We get smaller and smaller with each passing year

We get smaller and smaller with each passing year January 16, 2020

Here is your open thread for January 16, 2020.

It’s the 59th birthday of Jill Sobule, who sang about kissing a girl 13 years before Katy Perry did. To the extent she’s known at all, it’s for wry novelty songs like that or “Supermodel,” but Sobule also wrote a whole bunch of heartfelt, earnest songs like this one:

That’s called “Nostalgia Kills,” which is a particularly timely observation in 2020 America. Sobule is singing about relationships, not politics, but when she warns of the paralyzing effects of wallowing in the imagined glories of the past and sings “We have to keep moving or die,” well, that’s pretty much where we are politically too.

January 16 is also National Religious Freedom Day (about which more later). Related to that, today also marks the 118th anniversary of the birth of the Eric Liddell, as well as the 55th birthday of Maxine Jones of En Vogue.

Liddell was the Olympic athlete whose story was told in the Academy Award-winning 1981 movie Chariots of Fire. (I saw this, in the theater, because it was the one movie that members of my fundamentalist Baptist church were explicitly allowed — and encouraged — to see in the theater.) Liddell was a sprinter and was favored to medal in the 100-meter race at the Paris Olympics of 1924, but refused to compete in that event because the preliminary heats were on Sundays and, as a devout Christian missionary, he would not race on the Christian Sabbath. Instead, he trained for and ran in the 400 meters, a distance he’d never excelled at, and went on to set a new world record and win a gold medal.

It’s not clear if the Flying Scotsman’s refusal to race would have constituted the kind of “protest” barred by the IOC’s new rules for this year’s summer Olympics. I’d guess not since that rule will probably be enforced in a similar fashion to the NFL’s rules regarding Christian athletes who kneel as a demonstration of their faith, which is to say based on whether the demonstration is punching up or punching down, which is to say based on whether the quarterback kneeling to express the mandates of his Christian faith is black or white.

Bring me my bow of burning gold

Liddell’s sort of strict Sabbath-keeping is no longer an important religious or subcultural signified for most Protestant Christians. Christy Mathewson never pitched on Sundays — not even when he pitched three shutouts in the 1905 World Series — but Liddell and Mathewson were among the last of the Sabbath-keeping Christian athletes. The most outspoken evangelical Christian athletes of my lifetime have played in the NFL, where most of their games have been on Sundays.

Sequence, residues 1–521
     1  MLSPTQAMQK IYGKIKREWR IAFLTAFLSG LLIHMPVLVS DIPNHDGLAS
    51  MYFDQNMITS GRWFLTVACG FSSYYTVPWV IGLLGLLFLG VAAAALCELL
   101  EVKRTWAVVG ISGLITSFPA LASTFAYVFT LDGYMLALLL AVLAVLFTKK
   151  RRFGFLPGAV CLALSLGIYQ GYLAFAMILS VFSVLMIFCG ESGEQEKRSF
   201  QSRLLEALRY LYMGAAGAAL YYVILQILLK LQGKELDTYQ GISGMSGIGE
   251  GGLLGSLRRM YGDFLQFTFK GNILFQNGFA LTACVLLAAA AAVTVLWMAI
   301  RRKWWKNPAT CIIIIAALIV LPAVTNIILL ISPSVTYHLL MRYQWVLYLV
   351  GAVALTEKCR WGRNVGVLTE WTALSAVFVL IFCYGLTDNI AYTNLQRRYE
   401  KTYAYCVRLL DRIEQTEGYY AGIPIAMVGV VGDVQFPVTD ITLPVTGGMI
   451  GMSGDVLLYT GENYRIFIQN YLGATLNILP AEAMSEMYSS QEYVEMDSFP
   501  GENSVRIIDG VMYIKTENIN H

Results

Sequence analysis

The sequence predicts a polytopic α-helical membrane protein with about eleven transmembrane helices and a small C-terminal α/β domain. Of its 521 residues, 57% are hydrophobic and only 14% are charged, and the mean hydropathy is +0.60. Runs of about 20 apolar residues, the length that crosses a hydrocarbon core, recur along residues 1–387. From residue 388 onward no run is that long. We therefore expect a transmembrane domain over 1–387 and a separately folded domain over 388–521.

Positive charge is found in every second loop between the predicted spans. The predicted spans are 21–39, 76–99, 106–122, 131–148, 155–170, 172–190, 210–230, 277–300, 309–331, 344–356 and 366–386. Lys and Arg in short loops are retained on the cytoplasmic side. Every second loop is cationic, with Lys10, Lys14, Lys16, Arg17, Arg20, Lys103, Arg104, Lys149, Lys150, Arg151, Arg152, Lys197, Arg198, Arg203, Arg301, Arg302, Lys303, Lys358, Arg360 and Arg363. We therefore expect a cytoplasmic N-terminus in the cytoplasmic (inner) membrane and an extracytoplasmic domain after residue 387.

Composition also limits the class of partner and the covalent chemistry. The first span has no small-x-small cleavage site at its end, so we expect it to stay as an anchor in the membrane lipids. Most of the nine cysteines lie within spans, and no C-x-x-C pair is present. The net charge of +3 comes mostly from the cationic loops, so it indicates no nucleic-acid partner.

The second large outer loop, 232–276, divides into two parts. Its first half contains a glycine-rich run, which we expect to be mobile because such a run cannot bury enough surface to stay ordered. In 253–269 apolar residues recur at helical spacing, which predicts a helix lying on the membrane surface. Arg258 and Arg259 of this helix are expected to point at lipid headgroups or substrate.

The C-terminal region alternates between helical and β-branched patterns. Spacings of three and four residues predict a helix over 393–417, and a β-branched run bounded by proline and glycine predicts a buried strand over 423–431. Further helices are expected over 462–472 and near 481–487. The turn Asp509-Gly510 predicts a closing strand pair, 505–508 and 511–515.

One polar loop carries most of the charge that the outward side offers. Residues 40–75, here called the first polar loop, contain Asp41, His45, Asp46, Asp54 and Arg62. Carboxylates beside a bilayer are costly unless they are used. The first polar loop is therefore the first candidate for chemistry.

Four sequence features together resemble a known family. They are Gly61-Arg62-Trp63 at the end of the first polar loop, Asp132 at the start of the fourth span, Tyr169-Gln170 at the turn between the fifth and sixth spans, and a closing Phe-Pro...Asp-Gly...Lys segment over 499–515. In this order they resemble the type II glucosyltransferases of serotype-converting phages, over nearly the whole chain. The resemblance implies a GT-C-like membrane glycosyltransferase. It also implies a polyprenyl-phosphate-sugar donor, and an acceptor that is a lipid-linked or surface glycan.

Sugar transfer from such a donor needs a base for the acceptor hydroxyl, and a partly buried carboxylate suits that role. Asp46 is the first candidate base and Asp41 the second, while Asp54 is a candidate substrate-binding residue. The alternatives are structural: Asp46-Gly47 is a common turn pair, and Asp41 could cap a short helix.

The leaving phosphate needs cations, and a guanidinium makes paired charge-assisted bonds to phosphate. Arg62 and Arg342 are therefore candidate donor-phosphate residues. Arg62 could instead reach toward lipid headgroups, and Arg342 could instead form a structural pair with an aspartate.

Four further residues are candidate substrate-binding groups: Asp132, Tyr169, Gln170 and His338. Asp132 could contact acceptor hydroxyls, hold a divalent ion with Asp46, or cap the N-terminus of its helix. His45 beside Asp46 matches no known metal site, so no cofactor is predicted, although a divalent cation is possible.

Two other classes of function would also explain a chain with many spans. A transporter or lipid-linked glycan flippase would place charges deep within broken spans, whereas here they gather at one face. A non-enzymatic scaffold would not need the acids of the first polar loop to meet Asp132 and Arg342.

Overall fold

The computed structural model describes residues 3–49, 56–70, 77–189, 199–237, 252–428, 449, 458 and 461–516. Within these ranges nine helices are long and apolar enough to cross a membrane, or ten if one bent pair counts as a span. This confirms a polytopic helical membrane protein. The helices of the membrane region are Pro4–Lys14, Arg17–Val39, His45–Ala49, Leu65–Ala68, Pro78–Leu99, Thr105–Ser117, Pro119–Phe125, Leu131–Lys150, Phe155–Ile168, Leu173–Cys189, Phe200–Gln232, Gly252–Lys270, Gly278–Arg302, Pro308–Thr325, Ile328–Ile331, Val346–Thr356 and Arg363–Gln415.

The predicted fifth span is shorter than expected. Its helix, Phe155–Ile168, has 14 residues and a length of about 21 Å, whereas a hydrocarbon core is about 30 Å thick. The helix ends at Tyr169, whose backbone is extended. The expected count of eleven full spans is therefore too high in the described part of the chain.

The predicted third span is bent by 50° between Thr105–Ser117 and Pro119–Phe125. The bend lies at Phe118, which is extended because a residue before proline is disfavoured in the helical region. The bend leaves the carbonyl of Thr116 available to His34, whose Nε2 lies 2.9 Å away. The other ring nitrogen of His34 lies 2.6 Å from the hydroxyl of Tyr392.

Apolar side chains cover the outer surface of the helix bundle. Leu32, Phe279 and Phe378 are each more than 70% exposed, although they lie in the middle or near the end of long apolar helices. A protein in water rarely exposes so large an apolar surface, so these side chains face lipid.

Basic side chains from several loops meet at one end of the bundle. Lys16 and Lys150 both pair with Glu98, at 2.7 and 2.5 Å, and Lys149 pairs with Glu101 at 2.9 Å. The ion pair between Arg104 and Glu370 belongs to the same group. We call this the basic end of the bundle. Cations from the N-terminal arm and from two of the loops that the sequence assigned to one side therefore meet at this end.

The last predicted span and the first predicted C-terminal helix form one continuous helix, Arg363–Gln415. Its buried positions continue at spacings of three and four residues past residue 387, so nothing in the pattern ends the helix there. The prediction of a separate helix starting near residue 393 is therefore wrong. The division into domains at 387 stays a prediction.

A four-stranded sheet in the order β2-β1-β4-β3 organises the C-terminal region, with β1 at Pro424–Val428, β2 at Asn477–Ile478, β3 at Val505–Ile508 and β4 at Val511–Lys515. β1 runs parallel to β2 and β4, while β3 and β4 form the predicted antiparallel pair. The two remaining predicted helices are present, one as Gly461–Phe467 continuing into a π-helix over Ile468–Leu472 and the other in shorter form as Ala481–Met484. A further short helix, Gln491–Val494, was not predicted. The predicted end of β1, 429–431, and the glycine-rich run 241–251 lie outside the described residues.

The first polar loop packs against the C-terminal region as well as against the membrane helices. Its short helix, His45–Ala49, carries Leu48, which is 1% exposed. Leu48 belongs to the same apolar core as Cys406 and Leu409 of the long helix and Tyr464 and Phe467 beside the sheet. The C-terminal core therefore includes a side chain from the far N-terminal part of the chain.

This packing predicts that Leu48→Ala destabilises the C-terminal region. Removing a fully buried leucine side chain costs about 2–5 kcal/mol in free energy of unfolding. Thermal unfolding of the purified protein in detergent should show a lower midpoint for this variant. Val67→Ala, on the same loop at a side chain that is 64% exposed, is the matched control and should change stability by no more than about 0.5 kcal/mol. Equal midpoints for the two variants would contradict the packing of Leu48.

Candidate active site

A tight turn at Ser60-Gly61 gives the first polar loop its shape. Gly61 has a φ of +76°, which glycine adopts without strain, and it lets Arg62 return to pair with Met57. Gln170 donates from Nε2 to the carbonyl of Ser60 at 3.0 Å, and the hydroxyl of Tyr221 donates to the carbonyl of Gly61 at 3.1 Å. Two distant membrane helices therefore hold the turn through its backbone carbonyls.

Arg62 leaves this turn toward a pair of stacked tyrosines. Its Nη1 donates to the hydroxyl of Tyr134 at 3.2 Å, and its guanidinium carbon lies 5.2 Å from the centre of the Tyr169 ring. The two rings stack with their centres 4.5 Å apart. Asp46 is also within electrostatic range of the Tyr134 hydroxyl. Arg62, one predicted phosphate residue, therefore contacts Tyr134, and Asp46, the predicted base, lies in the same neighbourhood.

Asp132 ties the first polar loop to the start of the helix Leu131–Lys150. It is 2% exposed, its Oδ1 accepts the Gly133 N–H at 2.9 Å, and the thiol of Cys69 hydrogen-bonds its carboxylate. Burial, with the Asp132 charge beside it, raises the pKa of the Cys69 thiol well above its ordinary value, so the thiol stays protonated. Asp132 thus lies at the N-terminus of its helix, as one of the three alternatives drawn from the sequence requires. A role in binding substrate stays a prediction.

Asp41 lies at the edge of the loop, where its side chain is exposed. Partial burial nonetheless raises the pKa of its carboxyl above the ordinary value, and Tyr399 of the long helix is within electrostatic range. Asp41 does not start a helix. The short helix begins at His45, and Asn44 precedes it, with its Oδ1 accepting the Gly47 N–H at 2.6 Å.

In the 20th Century, American evangelicals adopted other religious and cultural markers to set themselves apart. Such as, for example, forbidding dancing. That’s what brings us back to Ms. Jones and En Vogue, whose 1992 banger “Free Your Mind,” provides the soundtrack for this 2003 post about Wheaton College’s first school dance. Here’s the end of that:

Wheaton — the alma mater of Billy Graham and Wes Craven — is a flagship institution in the little world of evangelicaldom. What happens at Wheaton will have a ripple effect, spurring change at places like Messiah and dozens of other such colleges across the country.

“It makes us seem less like a subculture in our own little world,” sophomore Julia Stampfl said of the new policy.

Exactly. Which is a Good Thing. And dancing is, itself, a Good Thing, so I encourage Julia and the rest of the folks there at Wheaton to get out on the dance floor and shake that student body.

A wise philosopher (George Clinton) once said, “Free your mind and your ass will follow.” Here’s hoping that works the other way around as well.

I think it does work both ways. And that the Sabbath was made for humankind, not humankind for the Sabbath.

Today is also the 77th birthday of composer Gavin Bryars, whose “Jesus’ Blood Never Failed Me Yet” is one of my Favorite Things. The song is built around an unused bit of audio recorded for a 1971 documentary about people living homeless in London. The full recording linked above includes Tom Waits’ accompaniment, but I also love this concert video for the way it lets us watch the full orchestra oh-so-gradually join and lift the voice of this anonymous man.

Future EGOT Lin-Manuel Miranda turns 40 today. He shares a birthday with Broadway legend Ethel Merman, the brassiest belter that ever was. Her cameo in Airplane! was one for the ages:

Talk amongst yourselves.

 

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